You may be asking yourself why a company would want to purchase someone else's life insurance policy. The short answer is that the new owner becomes the policy beneficiary when the policy is sold. If you agree to sell your life insurance policy to a life settlement company, for example, the company is effectively purchasing the right to receive the death benefit that the insurer will pay at your passing. This can be an attractive investment for the company if it thinks the factors are favorable that it'll collect.
Many policy owners who consider selling their policies through life settlement transactions are uneasy about the idea of a life settlement company essentially waiting for them to die. The notion of a company counting down the weeks, months, or years until death is not very comforting. Some may even go as far as to think that a company will resort to nefarious means to get access to the death benefit sooner than later. However, keep in mind that life settlement companies are in the business of making money.
Also, some entities that purchase life insurance contracts from others are not overly concerned with when the insured dies. These entities purchase life insurance policies to use them for collateral to obtain financing from banks. Whether the insured dies in two years or 20 years means little to the company; it simply wants to own the policy so it can qualify for a loan today.
How Does a Life Insurance Buyout Work?
When you sell your insurance, you will receive some cash but not the full death benefit, and the buyer will resume your payments on the policy.
How Much Do You Get if You Surrender Your Life Insurance Policy?
If you have a life insurance policy with a cash value you can surrender the policy and collect the money in it, minus the fees your provider charges you for the surrender. So, the amount of money you receive after fees are paid out depends on the cash value in your account.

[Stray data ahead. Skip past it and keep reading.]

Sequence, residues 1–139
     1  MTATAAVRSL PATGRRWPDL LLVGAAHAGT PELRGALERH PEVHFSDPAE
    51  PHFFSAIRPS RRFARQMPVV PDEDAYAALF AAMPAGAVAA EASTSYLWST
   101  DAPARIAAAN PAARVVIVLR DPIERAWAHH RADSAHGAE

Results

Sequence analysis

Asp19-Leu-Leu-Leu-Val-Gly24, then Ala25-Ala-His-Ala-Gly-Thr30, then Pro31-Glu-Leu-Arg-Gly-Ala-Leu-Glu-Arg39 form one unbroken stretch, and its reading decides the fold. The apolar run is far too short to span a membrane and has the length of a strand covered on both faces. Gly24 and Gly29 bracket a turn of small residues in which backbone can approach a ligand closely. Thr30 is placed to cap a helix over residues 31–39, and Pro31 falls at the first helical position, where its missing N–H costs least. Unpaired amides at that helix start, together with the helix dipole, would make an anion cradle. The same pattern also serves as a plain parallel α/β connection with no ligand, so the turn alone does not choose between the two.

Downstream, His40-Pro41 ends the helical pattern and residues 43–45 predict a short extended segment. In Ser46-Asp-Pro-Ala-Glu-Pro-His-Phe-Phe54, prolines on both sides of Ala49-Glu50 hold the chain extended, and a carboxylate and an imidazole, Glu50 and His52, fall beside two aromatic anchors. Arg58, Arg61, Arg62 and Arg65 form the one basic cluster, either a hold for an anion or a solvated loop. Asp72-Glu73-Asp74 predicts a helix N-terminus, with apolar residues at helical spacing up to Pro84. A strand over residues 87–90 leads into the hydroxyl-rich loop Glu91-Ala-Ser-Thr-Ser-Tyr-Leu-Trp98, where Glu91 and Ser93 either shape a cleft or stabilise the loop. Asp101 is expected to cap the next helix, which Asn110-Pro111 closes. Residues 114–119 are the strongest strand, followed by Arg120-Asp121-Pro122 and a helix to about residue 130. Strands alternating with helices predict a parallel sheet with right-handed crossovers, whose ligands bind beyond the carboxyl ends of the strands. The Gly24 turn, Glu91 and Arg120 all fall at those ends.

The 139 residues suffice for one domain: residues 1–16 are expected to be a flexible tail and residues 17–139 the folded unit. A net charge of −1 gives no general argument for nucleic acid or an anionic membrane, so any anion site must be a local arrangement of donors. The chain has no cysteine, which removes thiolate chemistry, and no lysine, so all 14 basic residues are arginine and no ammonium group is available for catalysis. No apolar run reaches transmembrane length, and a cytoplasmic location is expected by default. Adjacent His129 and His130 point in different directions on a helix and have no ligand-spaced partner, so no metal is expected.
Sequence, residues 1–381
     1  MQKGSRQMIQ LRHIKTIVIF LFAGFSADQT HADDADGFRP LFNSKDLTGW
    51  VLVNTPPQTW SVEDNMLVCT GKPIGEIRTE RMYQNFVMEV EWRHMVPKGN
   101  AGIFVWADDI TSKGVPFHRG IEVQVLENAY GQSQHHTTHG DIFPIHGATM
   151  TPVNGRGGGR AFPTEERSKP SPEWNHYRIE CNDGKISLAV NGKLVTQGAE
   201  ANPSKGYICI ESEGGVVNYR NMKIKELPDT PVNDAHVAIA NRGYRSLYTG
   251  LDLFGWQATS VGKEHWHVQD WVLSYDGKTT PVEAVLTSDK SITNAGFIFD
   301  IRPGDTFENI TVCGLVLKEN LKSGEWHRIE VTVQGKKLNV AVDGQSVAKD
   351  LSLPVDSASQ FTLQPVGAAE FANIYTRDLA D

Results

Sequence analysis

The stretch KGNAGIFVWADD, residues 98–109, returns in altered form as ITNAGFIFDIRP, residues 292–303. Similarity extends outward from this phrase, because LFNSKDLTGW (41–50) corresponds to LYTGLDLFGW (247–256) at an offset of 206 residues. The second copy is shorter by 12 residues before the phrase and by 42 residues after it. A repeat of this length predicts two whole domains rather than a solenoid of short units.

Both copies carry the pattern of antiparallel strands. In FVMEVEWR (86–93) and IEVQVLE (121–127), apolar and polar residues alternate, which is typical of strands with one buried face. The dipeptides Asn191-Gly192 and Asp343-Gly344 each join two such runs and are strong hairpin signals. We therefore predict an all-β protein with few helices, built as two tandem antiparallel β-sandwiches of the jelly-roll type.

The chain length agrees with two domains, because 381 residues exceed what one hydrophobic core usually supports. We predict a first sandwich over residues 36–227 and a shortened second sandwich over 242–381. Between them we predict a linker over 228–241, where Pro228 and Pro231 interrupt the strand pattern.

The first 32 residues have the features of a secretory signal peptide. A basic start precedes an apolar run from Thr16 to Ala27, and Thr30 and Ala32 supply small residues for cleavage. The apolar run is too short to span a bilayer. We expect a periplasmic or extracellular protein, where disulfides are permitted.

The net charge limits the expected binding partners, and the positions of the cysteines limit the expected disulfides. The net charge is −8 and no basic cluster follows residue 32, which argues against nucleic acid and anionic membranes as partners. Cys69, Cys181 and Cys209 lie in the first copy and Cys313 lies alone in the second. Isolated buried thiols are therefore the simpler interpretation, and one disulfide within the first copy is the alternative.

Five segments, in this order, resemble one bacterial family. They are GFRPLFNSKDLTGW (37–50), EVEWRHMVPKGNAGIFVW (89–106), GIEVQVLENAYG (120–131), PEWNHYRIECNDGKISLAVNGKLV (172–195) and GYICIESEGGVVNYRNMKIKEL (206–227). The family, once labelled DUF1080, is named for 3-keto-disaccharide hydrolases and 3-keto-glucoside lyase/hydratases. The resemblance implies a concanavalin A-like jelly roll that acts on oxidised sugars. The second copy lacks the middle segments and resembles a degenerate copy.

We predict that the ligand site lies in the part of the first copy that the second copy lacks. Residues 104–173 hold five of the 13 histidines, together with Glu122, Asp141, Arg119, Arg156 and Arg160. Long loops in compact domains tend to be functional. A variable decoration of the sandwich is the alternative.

Why Would a Company Buy Your Life Insurance Policy?
Companies may purchase life insurance policies to use them as collateral.
Is It Worth It to Cash out a Life Insurance Policy?
Whether or not, it is worth it to cash out a life insurance policy depends on the individual. If you have a policy with a high cash value and you don't need the coverage, it may be worth it to cash out. If you simply need access to cash, there may be better ways to come up with the money than removing a potential safety net for your family by selling off your life insurance policy.
The Bottom Line
Life settlements offer an additional option for life insurance policy owners deciding what to do with a policy they no longer want or need. From a monetary perspective, this alternative may be more attractive than the six traditional methods for disposing of policies. That is reason enough for policy owners to discuss the idea with one of their trusted advisors (i.e., financial planner, accountant, broker, lawyer, etc.).
There will probably always be concerns that companies buying these policies could participate in criminal behavior. But with proper due diligence performed on the life settlement broker, the life settlement company, and any other entity involved in the transaction, an individual should be able to allay these fears. Also, the fact that the industry is being actively monitored by the New York attorney general (and doubtless other attorneys general in other states) may soothe the concerns of some.